Lieutenant General H.R. McMaster, President Trump’s national-security adviser, is the White House official with the greatest credibility, both within the press and in both political parties—a result of both his career and his perceived independence from a president whose trustworthiness is in tatters. But a short, sometimes tense briefing Tuesday showed how the current moment tugs McMaster in contradictory directions.
Nine times during the briefing, McMaster repeated the mantra that Trump’s actions in conveying information to Russian Foreign Minister Sergei Lavrov and Ambassador Sergei Kislyak were “wholly appropriate.” But McMaster refused to say whether Trump had revealed classified information, saying the administration wouldn’t comment on what is and isn’t classified. He argued, somewhat confusingly, that it was OK for Trump to say what he said, but that leaks of that information posed a grave danger to national security. But the most surprising moment came at the end of the briefing.
“I should just make maybe the statement here that the president wasn't even aware where this information came from,” McMaster said. “He wasn't briefed on the source of method of information either.”
That line had also been leaked to reporters shortly before the briefing. But it raises more questions than it puts to rest. It is true in a narrow legal sense that the president is entitled to declassify information and share it as he sees fit, but the legalities are only a small portion of the picture here. Is Trump unaware of the sensitivity of information he receives? Is he not informed when the release of such information could inflame allies or jeopardize sources? And how could his decision to divulge the information to Lavrov and Kislyak have been “wholly appropriate” if the president wasn’t even fully aware of the decision he was making?
McMaster—who spoke for less than a half hour before decamping—sought to shift the focus to whoever leaked details of the discussion to The Washington Post and other outlets.
“I think the real issue, and I think what I'd like to see really debated more, is our national security has been put at risk by those violating confidentiality and those releasing information to the press that could be used connected with other information available to make American citizens and others more vulnerable,” McMaster said.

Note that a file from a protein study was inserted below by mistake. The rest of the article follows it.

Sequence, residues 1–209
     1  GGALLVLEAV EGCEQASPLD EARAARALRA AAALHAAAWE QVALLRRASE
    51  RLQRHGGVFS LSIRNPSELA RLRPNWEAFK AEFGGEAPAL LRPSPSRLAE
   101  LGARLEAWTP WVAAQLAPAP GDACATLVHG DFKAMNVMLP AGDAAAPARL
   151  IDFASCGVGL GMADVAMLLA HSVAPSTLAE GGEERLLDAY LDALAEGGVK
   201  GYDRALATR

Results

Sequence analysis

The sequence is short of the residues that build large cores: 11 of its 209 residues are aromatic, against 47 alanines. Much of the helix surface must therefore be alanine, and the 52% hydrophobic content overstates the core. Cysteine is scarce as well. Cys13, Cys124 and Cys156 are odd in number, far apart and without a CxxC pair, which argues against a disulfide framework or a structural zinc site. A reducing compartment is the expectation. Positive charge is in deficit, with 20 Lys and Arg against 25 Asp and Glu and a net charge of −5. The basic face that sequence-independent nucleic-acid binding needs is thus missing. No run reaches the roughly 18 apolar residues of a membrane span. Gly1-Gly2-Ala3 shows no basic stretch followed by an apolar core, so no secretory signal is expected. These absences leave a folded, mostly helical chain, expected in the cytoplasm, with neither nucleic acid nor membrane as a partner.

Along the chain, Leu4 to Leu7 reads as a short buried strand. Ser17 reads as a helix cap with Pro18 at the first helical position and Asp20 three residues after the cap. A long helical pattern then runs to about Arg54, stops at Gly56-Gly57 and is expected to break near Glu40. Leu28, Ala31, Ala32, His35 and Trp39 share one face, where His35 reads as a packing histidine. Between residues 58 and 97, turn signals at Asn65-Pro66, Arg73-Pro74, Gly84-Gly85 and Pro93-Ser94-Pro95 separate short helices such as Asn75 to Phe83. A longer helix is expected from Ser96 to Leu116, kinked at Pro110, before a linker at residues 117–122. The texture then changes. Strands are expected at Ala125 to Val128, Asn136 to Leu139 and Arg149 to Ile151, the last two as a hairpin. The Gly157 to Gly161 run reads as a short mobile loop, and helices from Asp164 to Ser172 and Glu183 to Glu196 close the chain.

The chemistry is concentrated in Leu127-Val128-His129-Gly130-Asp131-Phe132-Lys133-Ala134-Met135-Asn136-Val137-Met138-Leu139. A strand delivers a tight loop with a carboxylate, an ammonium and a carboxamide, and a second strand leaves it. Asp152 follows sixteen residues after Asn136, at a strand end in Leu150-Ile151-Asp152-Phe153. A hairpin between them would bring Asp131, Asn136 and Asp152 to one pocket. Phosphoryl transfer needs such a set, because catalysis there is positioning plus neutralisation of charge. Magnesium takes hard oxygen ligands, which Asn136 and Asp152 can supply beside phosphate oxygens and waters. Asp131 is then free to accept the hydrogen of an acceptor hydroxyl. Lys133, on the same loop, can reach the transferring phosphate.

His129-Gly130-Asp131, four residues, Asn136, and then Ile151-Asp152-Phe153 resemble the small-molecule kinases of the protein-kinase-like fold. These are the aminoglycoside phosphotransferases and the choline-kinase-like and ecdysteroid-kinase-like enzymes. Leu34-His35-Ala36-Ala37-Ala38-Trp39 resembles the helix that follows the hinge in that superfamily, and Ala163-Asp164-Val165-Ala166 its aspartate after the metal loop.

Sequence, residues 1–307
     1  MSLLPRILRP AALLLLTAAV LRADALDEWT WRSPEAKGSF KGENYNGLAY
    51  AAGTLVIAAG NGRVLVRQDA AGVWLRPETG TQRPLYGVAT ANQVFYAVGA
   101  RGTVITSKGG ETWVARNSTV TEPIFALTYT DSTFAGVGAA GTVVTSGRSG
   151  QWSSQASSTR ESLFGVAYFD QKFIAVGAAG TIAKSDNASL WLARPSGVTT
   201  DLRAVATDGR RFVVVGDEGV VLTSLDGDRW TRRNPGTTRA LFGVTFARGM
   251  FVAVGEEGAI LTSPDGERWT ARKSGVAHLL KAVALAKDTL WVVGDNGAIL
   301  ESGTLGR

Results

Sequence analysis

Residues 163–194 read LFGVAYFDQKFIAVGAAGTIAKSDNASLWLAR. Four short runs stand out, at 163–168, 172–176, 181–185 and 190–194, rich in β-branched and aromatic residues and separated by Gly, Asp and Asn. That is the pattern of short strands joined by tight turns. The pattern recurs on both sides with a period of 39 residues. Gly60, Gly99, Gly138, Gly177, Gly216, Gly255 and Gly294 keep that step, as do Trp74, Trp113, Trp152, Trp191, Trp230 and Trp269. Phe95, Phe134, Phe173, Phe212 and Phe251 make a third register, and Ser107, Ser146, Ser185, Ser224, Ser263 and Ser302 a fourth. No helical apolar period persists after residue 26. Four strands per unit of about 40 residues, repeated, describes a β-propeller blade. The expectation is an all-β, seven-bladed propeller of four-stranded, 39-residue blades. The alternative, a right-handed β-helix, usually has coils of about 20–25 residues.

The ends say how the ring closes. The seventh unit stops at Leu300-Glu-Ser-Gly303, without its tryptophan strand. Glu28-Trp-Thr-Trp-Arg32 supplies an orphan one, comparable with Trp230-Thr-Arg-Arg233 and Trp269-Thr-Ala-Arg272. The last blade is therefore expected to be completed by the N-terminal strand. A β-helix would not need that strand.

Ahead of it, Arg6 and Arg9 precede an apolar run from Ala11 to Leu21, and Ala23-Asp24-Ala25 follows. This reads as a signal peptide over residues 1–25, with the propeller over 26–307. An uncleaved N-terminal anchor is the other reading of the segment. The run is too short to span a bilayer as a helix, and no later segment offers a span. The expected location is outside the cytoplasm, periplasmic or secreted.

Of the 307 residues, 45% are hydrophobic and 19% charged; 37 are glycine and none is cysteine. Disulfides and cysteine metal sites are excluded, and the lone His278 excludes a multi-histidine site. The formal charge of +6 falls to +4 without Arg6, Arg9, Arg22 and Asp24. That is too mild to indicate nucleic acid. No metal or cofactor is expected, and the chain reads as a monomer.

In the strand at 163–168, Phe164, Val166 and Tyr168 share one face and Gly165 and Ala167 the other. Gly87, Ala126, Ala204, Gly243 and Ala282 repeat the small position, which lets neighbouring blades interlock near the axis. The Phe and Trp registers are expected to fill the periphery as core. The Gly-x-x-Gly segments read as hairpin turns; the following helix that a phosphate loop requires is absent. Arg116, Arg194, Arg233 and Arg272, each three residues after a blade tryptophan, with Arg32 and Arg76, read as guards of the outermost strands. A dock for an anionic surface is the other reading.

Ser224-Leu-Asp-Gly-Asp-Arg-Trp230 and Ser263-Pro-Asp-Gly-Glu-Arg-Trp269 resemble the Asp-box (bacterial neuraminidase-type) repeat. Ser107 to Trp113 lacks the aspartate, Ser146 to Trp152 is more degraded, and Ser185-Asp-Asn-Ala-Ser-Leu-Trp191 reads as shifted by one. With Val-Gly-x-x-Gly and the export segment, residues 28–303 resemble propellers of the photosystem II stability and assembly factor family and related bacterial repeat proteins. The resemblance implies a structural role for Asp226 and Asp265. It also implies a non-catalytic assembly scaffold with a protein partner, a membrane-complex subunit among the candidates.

Other administration officials, not least Trump, have similarly argued that leaks about damaging stories are worse than the stories themselves. But that sits uneasily in this case. If Trump could disclose the information to the Russians without a second thought, and without even knowing its source, how could it be so dangerous for reporters to learn even that the discussion had taken place?
The administration has sought to straddle a fence in its response to the story, at once criticizing it as false in some respects while refusing to make any specific comment on the central question, which is whether Trump disclosed classified information to the Russians. McMaster once again did that on Tuesday. But he took heat for a brief statement he made Monday evening. After the story broke, he said that the story was incorrect “as reported” and was adamant that no sources or methods of intelligence had been revealed. Yet neither the Post nor other outlets had asserted that sources or methods were revealed. The White House is apparently hoping that by debunking a story that does not exist, it can cast doubt on one that does.
McMaster defended that statement on Tuesday. “The story combined what was leaked with other information and then insinuated about sources and methods so I wanted to make clear to everybody that the president in no way compromised any sources or methods in the course of this conversation,” he said.
It is possible, as McMaster argued throughout the briefing, that Trump’s disclosure to the Russians has been overblown, leapt upon by Trump’s many critics and held up as the latest in his string of self-inflicted catastrophes. Certainly, there’s little hard information in the public domain from which to judge.
Believing that, however, requires ignoring the dire interpretations of intelligence sources. But it also requires overlooking the contradictions in the White House’s narrative: Both that Trump’s disclosures were “wholly appropriate,” but that he decided to share it with no clue where it came from, and that the disclosing the leak to the Russians was fine but the American public learning he disclosed it is perilous to national security. If the disclosure is truly much ado about little, the White House spin suggests otherwise.
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